She’s employed by Armand’s sister (to aid in his recovery from a gun attack) as both caregiver and bodyguard. Her resourcefulness in both areas helps her win much more than Armand’s trust, to the dismay of both his right-hand man and her ex-boyfriend / colleague.
As she makes her way into the business she swore to help tear down, she’s faced with the dilemma of choosing between being loyal to her profession or her heart. And we all know it can’t be both.
At the Corner of Mars and Neptune (Stories About Love)
Lena is a female drug dealer. Noah is a police detective trying to solve a murder case to which Lena is the only witness. Thing is, she can’t remember a thing, and her life is too much of a mess for her to care. He cares, though. A bit too much. Enough to think that he can save himself by saving her. But the streets always claim what’s theirs.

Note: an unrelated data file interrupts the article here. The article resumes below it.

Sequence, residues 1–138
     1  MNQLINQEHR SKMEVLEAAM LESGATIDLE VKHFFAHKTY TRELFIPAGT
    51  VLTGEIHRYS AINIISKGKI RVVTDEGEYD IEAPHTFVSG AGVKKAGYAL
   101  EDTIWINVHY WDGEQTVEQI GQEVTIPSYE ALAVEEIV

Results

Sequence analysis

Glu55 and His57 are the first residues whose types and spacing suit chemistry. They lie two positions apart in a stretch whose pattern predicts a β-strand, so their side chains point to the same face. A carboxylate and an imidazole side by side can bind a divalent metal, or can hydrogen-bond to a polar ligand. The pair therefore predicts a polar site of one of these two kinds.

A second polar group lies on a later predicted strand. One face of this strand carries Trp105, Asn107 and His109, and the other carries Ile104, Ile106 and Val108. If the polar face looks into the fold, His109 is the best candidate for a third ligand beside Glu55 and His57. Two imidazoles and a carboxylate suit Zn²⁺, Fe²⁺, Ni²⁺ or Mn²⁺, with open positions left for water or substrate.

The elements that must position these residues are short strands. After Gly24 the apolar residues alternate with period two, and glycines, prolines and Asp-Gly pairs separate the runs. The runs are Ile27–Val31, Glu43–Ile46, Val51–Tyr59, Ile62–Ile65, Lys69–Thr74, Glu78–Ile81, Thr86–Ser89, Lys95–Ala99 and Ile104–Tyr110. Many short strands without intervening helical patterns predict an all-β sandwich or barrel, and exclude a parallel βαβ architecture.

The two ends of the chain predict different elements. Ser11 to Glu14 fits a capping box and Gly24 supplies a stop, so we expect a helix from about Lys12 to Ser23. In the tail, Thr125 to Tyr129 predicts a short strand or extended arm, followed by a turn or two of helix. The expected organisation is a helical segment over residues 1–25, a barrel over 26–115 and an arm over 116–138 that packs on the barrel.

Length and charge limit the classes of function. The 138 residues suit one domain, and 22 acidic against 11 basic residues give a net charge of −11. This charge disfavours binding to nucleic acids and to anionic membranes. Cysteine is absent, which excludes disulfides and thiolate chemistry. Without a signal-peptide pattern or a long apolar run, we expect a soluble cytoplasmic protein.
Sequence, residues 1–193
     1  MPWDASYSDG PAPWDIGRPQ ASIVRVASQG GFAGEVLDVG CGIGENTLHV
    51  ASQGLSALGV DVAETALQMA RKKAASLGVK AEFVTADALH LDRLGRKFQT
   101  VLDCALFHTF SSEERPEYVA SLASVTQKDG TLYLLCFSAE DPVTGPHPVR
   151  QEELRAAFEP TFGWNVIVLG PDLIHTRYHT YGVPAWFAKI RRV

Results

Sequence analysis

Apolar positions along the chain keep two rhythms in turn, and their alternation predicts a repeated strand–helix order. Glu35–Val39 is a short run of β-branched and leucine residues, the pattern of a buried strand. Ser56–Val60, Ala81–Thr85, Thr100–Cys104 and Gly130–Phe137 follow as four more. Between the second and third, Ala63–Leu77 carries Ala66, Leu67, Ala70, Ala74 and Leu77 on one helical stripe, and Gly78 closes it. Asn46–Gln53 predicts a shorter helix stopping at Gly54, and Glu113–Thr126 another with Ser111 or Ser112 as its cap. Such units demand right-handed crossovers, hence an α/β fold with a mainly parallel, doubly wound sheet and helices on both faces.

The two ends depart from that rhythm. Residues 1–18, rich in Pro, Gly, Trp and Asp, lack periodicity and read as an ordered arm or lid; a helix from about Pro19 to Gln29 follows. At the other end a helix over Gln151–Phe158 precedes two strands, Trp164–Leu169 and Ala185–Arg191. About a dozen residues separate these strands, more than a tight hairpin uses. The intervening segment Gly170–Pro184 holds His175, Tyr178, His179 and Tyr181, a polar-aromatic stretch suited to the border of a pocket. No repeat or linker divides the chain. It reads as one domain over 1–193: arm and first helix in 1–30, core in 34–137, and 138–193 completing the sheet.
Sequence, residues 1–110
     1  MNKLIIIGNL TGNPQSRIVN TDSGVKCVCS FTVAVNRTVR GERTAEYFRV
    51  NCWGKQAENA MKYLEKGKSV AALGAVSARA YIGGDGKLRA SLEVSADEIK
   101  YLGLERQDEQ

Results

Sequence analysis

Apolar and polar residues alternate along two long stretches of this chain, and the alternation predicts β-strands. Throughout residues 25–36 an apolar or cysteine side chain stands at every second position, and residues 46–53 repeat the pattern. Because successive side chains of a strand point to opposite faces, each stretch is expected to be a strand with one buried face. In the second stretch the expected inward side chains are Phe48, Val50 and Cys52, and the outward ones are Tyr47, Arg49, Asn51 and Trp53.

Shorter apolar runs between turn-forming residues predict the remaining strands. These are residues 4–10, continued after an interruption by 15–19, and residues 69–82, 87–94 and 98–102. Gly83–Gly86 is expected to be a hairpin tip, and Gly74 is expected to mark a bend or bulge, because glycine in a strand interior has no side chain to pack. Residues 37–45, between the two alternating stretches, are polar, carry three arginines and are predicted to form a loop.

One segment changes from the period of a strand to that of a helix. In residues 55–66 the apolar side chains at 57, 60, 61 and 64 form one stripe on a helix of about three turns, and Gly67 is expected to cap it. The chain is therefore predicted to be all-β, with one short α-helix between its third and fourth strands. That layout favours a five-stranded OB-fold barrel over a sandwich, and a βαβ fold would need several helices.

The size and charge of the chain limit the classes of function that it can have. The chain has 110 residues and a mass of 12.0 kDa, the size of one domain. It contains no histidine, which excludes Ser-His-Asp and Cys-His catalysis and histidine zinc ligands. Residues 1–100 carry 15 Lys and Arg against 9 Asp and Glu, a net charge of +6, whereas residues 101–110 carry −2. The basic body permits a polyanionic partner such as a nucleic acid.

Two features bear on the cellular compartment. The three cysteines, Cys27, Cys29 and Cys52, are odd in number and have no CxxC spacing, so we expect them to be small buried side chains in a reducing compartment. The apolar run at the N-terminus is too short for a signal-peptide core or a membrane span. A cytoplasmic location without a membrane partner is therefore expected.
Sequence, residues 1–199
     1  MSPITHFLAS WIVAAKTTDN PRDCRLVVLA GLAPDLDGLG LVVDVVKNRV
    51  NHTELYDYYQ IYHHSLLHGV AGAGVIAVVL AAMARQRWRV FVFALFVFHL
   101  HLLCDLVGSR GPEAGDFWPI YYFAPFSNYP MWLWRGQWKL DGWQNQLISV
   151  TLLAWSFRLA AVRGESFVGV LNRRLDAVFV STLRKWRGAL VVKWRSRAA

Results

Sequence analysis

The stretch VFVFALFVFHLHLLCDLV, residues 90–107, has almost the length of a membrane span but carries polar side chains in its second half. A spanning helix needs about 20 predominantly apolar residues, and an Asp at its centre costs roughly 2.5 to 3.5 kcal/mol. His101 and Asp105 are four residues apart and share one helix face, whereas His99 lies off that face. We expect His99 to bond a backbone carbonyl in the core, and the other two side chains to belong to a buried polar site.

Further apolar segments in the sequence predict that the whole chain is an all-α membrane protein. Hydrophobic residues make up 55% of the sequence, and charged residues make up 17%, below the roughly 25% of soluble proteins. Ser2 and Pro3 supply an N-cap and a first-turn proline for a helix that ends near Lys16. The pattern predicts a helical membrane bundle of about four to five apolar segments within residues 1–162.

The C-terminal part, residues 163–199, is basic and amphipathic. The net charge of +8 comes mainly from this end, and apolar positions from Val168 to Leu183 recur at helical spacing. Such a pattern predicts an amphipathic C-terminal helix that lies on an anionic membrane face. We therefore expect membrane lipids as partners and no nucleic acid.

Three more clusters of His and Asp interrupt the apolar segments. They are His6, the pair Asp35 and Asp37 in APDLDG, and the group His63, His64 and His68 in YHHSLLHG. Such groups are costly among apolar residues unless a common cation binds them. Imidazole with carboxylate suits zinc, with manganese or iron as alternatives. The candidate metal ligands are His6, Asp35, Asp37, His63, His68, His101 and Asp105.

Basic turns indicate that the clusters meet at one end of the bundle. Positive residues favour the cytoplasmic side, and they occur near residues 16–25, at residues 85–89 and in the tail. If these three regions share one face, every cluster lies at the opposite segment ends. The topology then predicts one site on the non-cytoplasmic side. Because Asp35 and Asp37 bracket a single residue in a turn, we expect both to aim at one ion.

“Come on, scumbag. Blow that motherfucker’s head off!” My grandfather’s voice was always grave, always loud.
The famous Adrian Lang couldn’t drop the attitude for nothing.
I pulled the machine gun’s trigger. Ratatatatatatatatatatatatatatatat. Clickclickclickclick.
I shot him a glance. He was standing close behind me, sucking on a cigar as he walked towards the card and studied it.
“You know better than talking to me like that.”
Anger made my face go red. For a moment I thought he’d stride to my side and slap me across the face, like he usually did. This time he stood his ground.
“You’re not quite there yet.”
The machine gun felt hot in my hand. I looked down, saw my distressed jeans, and realized I was no more than sixteen years old.